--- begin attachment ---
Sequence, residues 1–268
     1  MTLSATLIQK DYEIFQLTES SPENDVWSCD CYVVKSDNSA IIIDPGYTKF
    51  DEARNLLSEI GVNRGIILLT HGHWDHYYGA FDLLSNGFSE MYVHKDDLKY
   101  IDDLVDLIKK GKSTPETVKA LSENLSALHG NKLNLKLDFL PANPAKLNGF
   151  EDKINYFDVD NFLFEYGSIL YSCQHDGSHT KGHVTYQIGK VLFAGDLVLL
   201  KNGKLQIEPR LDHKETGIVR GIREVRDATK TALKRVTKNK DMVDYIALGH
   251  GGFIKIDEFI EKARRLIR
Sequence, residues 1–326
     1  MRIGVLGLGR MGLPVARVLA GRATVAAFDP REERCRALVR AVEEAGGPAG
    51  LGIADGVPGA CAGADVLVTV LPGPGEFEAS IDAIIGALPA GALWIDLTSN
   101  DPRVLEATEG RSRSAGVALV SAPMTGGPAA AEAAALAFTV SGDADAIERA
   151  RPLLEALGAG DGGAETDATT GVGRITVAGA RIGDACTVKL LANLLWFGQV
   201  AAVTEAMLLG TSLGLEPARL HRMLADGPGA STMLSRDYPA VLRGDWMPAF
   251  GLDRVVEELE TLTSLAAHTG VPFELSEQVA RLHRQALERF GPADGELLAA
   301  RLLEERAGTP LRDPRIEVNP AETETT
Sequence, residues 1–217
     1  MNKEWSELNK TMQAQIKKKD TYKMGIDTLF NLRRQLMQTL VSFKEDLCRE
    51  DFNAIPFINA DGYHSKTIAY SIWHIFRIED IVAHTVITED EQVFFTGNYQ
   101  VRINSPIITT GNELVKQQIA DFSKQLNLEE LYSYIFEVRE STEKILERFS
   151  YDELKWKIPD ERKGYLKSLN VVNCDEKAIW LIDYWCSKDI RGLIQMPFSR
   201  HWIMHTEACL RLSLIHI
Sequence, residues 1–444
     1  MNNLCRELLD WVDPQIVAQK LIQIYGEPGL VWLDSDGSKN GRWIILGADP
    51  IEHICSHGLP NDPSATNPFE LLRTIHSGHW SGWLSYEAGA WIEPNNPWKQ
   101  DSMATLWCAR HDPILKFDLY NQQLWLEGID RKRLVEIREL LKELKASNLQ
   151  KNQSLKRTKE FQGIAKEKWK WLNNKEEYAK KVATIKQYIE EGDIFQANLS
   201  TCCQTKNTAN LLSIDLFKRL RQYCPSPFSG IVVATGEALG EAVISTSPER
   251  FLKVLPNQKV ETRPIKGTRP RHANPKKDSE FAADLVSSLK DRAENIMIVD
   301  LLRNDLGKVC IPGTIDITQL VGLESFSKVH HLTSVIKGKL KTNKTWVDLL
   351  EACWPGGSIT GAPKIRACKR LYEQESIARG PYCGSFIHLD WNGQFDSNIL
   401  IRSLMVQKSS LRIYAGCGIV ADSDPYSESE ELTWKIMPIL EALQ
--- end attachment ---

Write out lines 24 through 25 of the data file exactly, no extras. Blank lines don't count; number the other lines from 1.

    51  IEHICSHGLP NDPSATNPFE LLRTIHSGHW SGWLSYEAGA WIEPNNPWKQ
   101  DSMATLWCAR HDPILKFDLY NQQLWLEGID RKRLVEIREL LKELKASNLQ